• Sitting: For years I've practiced and auditioned while standing. In that Atlanta audition they required that the excerpts be performed seated. Then I heard that Colin Williams was playing his Boston excerpts seated. I think the reasoning went something like, "It takes the feet out of the equation" (or something like that). Also, when I'm sitting, I find it much easier to tap my foot while I play. Yes, I know professionals aren't supposed to tap their feet. Well, my rhythm is more accurate when I do it. End of story. (in other words, do what you have to do to get the result).
    One other thing, I do use one of those posture pillows behind my back. It seems to help.

  • Inderal: For years, I've scorned that idea of taking the stuff. I always looked down on the idea. Still, after that Atlanta audition I had to admit that many of my playing problems were directly linked to that "fight or flight" response. I finally got a prescription and, after trying it out in a recent concert to make sure my body didn't react too strangely, I used it in this audition.

    It was actually quite interesting. I arrived at the site about 45 minutes to an hour before the audition. I took it when I arrived and then began to warm-up. At the beginning of the warm-up I was experiencing those stress-related playing problems I've come to know so well: missing notes on the high side, mind racing and unable to focus, some trouble with a steady tone on louder long notes (especially William Tell), unclean attacks. As I warmed up, I actually felt my physical responses gradually changing until, at "go time," I felt more or less normal; like a regular day of playing.

    For what it's worth, the solo portion of my round was OK (a couple flubs near the end on the David first movement) and the excerpt portion was as solid as I've ever played.

    If you're young, I wouldn't recommend "jumping to the pill" just yet. I've had a lot of good high-stress performances where I just tried to relax. Still, I have to admit that, in my case, it did seem to help me stay looser and more focused. Some people have terrible trouble with dry mouth; I was drinking a fair amount of water and had no trouble.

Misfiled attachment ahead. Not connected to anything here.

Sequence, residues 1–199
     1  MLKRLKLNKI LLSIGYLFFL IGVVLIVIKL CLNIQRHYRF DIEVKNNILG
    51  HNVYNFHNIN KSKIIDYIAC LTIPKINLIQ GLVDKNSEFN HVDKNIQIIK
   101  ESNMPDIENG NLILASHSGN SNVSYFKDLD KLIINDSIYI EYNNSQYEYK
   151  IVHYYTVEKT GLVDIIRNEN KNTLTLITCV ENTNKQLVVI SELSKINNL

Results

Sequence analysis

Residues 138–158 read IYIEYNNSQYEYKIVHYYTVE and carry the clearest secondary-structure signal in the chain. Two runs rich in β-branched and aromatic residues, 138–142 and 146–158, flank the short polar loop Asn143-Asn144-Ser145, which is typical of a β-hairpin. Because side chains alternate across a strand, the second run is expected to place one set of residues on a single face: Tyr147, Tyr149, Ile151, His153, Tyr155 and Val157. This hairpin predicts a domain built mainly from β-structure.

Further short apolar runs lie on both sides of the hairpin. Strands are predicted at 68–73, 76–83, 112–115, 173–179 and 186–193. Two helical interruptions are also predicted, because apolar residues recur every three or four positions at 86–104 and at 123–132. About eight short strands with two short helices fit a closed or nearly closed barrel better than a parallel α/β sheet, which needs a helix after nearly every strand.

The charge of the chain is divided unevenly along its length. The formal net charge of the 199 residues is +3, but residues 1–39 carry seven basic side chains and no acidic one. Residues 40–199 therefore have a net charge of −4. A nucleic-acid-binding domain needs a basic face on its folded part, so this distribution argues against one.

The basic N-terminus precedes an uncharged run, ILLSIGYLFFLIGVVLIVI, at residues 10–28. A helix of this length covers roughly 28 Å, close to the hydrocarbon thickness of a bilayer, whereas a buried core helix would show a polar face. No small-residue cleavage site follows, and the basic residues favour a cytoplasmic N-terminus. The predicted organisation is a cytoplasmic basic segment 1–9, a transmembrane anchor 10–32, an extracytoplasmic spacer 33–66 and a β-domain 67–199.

• Arban's: For years, I avoided the Arban's Method. Finally I broke down and bought the expensive Alessi/Bowman audition and have incorporated it into my practicing. Well, maybe I was too quick to judge. Using the major scales, little tonguing tunes, and the chromatic scales, I have definitely improved my focus and accuracy. I also really like Mr. Alessi's comments (no surprise there, I guess).
    Why did I decide to pick up Arban's? Given that this was a smaller audition and that the majority of the committee wouldn't know the excerpts as well as I did, a certain amount of "note counting" was inevitable. In other words, missed notes would probably be a bigger deal.. Therefore, one of my goals was to play a really clean round. For years, I would look down at "note counters" who obsessed over how many notes they missed. Once again, maybe I've been too quick to judge.

  • Perspective: As I practiced, I tried to hear myself through the ears of someone listening to me. In other words, instead of putting my mental focus on the act of creating the sounds, I attempted to focus on the final product that someone, especially a non-trombonist, would hear. Once again, given that most of the people on the committee wouldn't be trombone players, I wanted to hear myself through the ears of a string or a woodwind or (heaven forbid) a conductor. I wouldn't say I changed to play things in a "false" way. But I did keep in mind Alessi's "Popeye syndrome" comments from last summer and decided that maybe I didn't need to play so darn loud. I can't tell you how many auditions I've royally screwed up simple because I tried to play too loud.

    If I could travel back in time to my college self, I would grab him by the shoulders, shake him and say, "Stop trying to play so loud, you idiot."
    Didn't Friedman once say, "I've tried to make a career on just sounding pretty."? Worked pretty well for him.

    For this audition, I was thinking something like, "Keep it clean. Play with a pretty, musical sound."

Re-reading this post, I'm struck by how many times I used the phrase "for years." Even at my age, I'm still re-learning things I should have known all along...
  • tape yourself a lot
  • maybe sitting isn't so bad
  • tapping your foot isn't a curse
  • Inderal isn't automatically a bad thing
  • Arban's can have a lot of value
  • Hear yourself as your audience will hear you
  • Don't play so loud!
I heard a good quote recently about teaching and learning:

"One who learns from one who is learning drinks from a moving stream."

Better this than stagnant water.